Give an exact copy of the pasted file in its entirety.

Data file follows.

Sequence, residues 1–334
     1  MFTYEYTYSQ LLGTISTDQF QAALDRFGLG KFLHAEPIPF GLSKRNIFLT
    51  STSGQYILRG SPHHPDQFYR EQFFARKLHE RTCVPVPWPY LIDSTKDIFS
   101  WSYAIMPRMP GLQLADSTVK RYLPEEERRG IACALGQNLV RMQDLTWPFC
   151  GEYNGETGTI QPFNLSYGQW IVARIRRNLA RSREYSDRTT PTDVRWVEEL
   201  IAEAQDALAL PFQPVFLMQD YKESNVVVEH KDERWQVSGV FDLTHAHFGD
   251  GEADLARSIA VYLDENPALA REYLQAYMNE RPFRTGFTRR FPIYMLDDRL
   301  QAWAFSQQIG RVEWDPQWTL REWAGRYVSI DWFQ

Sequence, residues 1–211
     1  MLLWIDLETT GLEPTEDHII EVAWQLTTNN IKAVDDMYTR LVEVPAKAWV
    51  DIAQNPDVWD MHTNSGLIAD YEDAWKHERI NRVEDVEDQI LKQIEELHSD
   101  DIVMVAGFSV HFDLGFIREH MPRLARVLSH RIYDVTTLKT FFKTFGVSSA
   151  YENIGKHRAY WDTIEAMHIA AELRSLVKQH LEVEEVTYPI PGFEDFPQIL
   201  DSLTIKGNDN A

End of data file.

Sequence, residues 1–334
     1  MFTYEYTYSQ LLGTISTDQF QAALDRFGLG KFLHAEPIPF GLSKRNIFLT
    51  STSGQYILRG SPHHPDQFYR EQFFARKLHE RTCVPVPWPY LIDSTKDIFS
   101  WSYAIMPRMP GLQLADSTVK RYLPEEERRG IACALGQNLV RMQDLTWPFC
   151  GEYNGETGTI QPFNLSYGQW IVARIRRNLA RSREYSDRTT PTDVRWVEEL
   201  IAEAQDALAL PFQPVFLMQD YKESNVVVEH KDERWQVSGV FDLTHAHFGD
   251  GEADLARSIA VYLDENPALA REYLQAYMNE RPFRTGFTRR FPIYMLDDRL
   301  QAWAFSQQIG RVEWDPQWTL REWAGRYVSI DWFQ

Sequence, residues 1–211
     1  MLLWIDLETT GLEPTEDHII EVAWQLTTNN IKAVDDMYTR LVEVPAKAWV
    51  DIAQNPDVWD MHTNSGLIAD YEDAWKHERI NRVEDVEDQI LKQIEELHSD
   101  DIVMVAGFSV HFDLGFIREH MPRLARVLSH RIYDVTTLKT FFKTFGVSSA
   151  YENIGKHRAY WDTIEAMHIA AELRSLVKQH LEVEEVTYPI PGFEDFPQIL
   201  DSLTIKGNDN A